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Diet and Depression - Janet Settle, MD
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Diet and Depression

Diet and Depression

By Janet Settle MD

In this post, I review A longitudinal analysis of diet quality scores and the risk of incident depression in the SUN Project written by Almudena Sanchez-Villegas et al and published in BMC Medicine on Sept 17, 2015.

Sánchez-Villegas et al. BMC Medicine (2015) 13:197 DOI 10.1186/s12916-015-0428-y

Summary: This study “compares the association of three diet quality scores with depression independent of their micro/macronutrient composition.”

This Spanish cohort (SUN) study followed 15,093 non-depressed former college students for a median 8.5 years to assess the association between dietary patterns (no dietary instructions were given) and risk of developing major depressive disorder.  Self-reported dietary patterns were plugged into three different validated food frequency scales to assess dietary patterns. Participants were assigned to quintiles from lowest to highest scores for each dietary pattern. Depression outcome (n=1051) was measured by self report of physician diagnosis or antidepressant use.


Mediterranean Diet Score


Pro-vegetarian Dietary Pattern


Alternative Heath Eating Index-2010

Score is raised by consumption of: vegetables






moderate alcohol







olive oil







whole grain bread

long chain omega-3

polyunsat fats

Score is lowered by consumption of: meat

dairy products


dairy products

animal fats




red/processed meat

sugar sweetened drinks

fruit juice

trans fat

excess alcohol

excess sodium

Hazard ratio for new onset depression in highest quintile v. lowest quintile of dietary scores

(95% CI)

0.84 0.74 0.60

The biggest reduction in depression risk occurs between the lowest (1st quintile) and moderate (3rd quintile) dietary scores with not much additional benefit gained by those in the top two quintiles. This ‘threshold effect’ may represent nutrient deficiencies (possibly in vitamin E, folate, magnesium and zinc which may be related to depression risk) in the low quality diet groups.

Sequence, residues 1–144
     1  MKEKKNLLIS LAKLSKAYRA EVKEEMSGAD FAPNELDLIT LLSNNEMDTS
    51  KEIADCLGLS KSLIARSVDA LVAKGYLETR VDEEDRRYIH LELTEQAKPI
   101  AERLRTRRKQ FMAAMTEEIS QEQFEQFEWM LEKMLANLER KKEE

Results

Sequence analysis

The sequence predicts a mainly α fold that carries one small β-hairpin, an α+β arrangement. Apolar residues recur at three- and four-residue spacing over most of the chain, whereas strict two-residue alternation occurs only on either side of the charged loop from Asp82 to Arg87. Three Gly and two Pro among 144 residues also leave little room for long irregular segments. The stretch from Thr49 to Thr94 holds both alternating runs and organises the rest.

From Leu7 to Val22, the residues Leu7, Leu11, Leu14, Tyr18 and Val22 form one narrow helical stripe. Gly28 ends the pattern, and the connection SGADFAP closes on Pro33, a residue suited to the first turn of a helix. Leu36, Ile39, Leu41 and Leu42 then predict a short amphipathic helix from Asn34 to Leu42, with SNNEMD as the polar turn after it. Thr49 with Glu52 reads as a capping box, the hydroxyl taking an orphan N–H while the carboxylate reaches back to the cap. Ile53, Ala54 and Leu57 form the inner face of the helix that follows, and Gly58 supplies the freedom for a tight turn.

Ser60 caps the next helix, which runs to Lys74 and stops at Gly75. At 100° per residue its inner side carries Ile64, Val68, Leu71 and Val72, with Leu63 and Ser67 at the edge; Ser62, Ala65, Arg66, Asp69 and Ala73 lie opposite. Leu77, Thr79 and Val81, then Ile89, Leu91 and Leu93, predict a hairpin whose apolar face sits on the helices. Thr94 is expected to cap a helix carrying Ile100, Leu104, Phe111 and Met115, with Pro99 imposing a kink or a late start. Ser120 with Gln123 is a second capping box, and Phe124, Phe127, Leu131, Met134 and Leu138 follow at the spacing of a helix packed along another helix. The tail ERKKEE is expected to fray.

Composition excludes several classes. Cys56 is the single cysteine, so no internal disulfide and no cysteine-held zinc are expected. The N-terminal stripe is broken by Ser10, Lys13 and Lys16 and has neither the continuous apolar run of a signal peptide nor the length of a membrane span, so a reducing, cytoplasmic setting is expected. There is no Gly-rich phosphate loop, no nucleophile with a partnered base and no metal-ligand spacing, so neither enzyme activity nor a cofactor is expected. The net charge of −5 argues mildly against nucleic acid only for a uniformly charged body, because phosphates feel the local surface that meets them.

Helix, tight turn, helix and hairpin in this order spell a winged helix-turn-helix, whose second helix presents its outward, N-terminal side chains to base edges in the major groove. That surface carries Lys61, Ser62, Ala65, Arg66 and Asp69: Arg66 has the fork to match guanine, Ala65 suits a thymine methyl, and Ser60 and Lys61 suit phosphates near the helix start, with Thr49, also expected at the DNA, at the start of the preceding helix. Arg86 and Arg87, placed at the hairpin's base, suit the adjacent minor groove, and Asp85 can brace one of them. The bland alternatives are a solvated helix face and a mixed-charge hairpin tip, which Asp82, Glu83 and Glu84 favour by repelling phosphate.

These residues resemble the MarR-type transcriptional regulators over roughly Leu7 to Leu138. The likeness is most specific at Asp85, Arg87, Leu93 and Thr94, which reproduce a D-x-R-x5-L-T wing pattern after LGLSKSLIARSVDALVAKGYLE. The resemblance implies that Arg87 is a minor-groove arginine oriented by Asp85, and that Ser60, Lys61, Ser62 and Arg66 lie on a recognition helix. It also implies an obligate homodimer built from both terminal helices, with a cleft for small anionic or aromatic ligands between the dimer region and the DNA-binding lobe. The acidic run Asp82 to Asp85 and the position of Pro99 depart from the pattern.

The authors conclude “The results of this study suggest that moderate or high (3rd quintile and above) adherence to diet quality scores such as the MDS, the PDP or the AHEI-2010 could be effective for the reduction of depression risk.”

Comments: Long-term dietary studies are difficult. This one corroborates and expands on the findings of a series of recent studies. This group reported on the same cohort (SUN) in 2012, reporting a 36% increased risk of depression in the highest quintile of fast food consumption v. lowest. In the Whitehall II study (2013), women (but not men) who maintained the highest scores on the AHEI scale for diet quality over 10 years, had a 65% reduction in risk of depression.

The brain and body need nutrition to maintain positive mental health. This study confirms what we intuitively expect which is that poor diet is a risk factor for depression. Studies looking at depression risk and individual nutrients have been mixed. This study supports using food as medicine and recommending a diet including and emphasizing vegetables, fruits, nuts, legumes and healthy fats.

I like this study because it supports the idea that a variety of dietary patterns can have a significant impact on depression risk. People get lost in the weeds with arguments about Paleo vs. Mediterranean vs. vegan/vegetarian. The big lever is to reduce sugar and add plant-based foods and healthy fats. Within these parameters, there is leeway for individuals to follow their individual preferences and tastes.

Akbaraly TN, et al. Adherence to healthy dietary guidelines and future depressive symptoms: evidence for sex differentials in the Whitehall II study. Am J Clin Nutr. 2013;97:419–27.

Akbaraly TN, et al. Dietary pattern and depressive symptoms in middle age. Br J Psychiatry. 2009;195:408–13.

Jacka FN, et al. Dietary patterns and depressive symptoms over time: examining the relationships with socioeconomic position, health behaviours and cardiovascular risk. PLoS One. 2014;9, e87657.

Lai J, et al. A systematic review and meta-analysis of dietary patterns and depression in community-dwelling adults. Am J Clin Nutr. 2014;99:181–97.

Rienks J, Dobson AJ, Mishra GD. Mediterranean dietary pattern and prevalence and incidence of depressive symptoms in mid-aged women: results from a large community-based prospective study. Eur J Clin Nutr. 2013;67:75–82.

Ruusunen A, et al. Dietary patterns are associated with the prevalence of elevated depressive symptoms and the risk of getting a hospital discharge diagnosis of depression in middle-aged or older Finnish men. J Affect Disord. 2014;159:1–6.

Sánchez-Villegas A, et al. Association of the Mediterranean dietary pattern with the incidence of depression: the Seguimiento Universidad de Navarra/University of Navarra follow-up (SUN) cohort. Arch Gen Psychiatry. 2009;66:1090–8.

Sánchez-Villegas A, Toledo E, de Irala J, Ruiz-Canela M, Pla-Vidal J, Martínez-González MA. Fast-food and commercial baked goods consumption and the risk of depression. Public Health Nutr. 2012;15:424–32.

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